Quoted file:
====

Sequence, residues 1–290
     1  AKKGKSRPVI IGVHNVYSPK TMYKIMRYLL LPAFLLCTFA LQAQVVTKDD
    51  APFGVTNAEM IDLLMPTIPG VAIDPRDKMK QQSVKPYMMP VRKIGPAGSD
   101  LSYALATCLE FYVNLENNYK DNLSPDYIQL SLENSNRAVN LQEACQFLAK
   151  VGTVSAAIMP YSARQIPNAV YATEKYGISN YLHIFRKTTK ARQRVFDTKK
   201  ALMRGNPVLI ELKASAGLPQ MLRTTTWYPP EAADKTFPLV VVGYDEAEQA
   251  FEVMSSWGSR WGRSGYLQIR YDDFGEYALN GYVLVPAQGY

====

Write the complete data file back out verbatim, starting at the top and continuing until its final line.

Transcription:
Sequence, residues 1–290
     1  AKKGKSRPVI IGVHNVYSPK TMYKIMRYLL LPAFLLCTFA LQAQVVTKDD
    51  APFGVTNAEM IDLLMPTIPG VAIDPRDKMK QQSVKPYMMP VRKIGPAGSD
   101  LSYALATCLE FYVNLENNYK DNLSPDYIQL SLENSNRAVN LQEACQFLAK
   151  VGTVSAAIMP YSARQIPNAV YATEKYGISN YLHIFRKTTK ARQRVFDTKK
   201  ALMRGNPVLI ELKASAGLPQ MLRTTTWYPP EAADKTFPLV VVGYDEAEQA
   251  FEVMSSWGSR WGRSGYLQIR YDDFGEYALN GYVLVPAQGY